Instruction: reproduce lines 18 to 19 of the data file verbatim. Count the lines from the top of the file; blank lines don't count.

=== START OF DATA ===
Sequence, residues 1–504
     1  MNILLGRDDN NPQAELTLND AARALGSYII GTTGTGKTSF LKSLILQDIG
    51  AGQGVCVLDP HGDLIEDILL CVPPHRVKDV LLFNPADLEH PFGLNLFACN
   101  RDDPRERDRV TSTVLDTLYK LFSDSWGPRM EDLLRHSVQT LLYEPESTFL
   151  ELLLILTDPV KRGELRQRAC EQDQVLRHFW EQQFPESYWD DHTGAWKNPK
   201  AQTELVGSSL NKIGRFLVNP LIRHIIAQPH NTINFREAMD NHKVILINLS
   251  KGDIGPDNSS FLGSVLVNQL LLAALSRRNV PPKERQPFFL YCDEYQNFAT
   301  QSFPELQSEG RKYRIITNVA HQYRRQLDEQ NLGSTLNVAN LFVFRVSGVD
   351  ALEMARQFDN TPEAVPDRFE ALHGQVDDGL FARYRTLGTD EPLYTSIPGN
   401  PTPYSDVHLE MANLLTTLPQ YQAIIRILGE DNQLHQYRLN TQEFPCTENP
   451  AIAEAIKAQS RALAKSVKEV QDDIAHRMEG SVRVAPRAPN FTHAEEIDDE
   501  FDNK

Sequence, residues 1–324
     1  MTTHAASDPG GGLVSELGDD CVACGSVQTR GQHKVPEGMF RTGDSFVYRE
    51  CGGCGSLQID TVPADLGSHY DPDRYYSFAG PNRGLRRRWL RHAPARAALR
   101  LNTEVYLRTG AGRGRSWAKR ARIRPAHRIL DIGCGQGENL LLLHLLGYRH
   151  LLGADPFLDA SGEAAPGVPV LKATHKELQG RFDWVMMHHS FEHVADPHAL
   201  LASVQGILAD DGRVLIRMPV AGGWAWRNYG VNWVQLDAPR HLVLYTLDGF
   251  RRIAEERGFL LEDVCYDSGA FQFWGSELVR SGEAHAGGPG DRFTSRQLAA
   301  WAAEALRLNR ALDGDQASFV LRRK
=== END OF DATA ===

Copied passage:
   201  LASVQGILAD DGRVLIRMPV AGGWAWRNYG VNWVQLDAPR HLVLYTLDGF
   251  RRIAEERGFL LEDVCYDSGA FQFWGSELVR SGEAHAGGPG DRFTSRQLAA